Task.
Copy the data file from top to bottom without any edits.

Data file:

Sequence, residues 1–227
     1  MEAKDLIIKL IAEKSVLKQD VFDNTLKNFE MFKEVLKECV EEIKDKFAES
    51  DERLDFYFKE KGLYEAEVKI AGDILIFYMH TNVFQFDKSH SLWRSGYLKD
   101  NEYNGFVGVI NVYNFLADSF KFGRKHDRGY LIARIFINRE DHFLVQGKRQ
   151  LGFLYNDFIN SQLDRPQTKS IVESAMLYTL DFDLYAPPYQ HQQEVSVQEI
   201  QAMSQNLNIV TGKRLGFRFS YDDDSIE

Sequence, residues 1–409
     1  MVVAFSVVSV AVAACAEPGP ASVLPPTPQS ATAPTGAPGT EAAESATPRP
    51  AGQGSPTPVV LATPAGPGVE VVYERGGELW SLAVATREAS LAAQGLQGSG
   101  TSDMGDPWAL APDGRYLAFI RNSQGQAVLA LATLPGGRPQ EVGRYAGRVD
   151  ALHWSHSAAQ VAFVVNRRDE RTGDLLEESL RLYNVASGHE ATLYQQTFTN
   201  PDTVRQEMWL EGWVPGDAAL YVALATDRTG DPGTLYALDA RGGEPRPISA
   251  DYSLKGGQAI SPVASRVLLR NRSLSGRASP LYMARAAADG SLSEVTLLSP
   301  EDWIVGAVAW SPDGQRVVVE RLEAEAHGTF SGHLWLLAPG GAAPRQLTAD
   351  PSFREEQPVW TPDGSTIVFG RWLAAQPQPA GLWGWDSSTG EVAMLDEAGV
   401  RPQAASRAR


Sequence, residues 1–227
     1  MEAKDLIIKL IAEKSVLKQD VFDNTLKNFE MFKEVLKECV EEIKDKFAES
    51  DERLDFYFKE KGLYEAEVKI AGDILIFYMH TNVFQFDKSH SLWRSGYLKD
   101  NEYNGFVGVI NVYNFLADSF KFGRKHDRGY LIARIFINRE DHFLVQGKRQ
   151  LGFLYNDFIN SQLDRPQTKS IVESAMLYTL DFDLYAPPYQ HQQEVSVQEI
   201  QAMSQNLNIV TGKRLGFRFS YDDDSIE

Sequence, residues 1–409
     1  MVVAFSVVSV AVAACAEPGP ASVLPPTPQS ATAPTGAPGT EAAESATPRP
    51  AGQGSPTPVV LATPAGPGVE VVYERGGELW SLAVATREAS LAAQGLQGSG
   101  TSDMGDPWAL APDGRYLAFI RNSQGQAVLA LATLPGGRPQ EVGRYAGRVD
   151  ALHWSHSAAQ VAFVVNRRDE RTGDLLEESL RLYNVASGHE ATLYQQTFTN
   201  PDTVRQEMWL EGWVPGDAAL YVALATDRTG DPGTLYALDA RGGEPRPISA
   251  DYSLKGGQAI SPVASRVLLR NRSLSGRASP LYMARAAADG SLSEVTLLSP
   301  EDWIVGAVAW SPDGQRVVVE RLEAEAHGTF SGHLWLLAPG GAAPRQLTAD
   351  PSFREEQPVW TPDGSTIVFG RWLAAQPQPA GLWGWDSSTG EVAMLDEAGV
   401  RPQAASRAR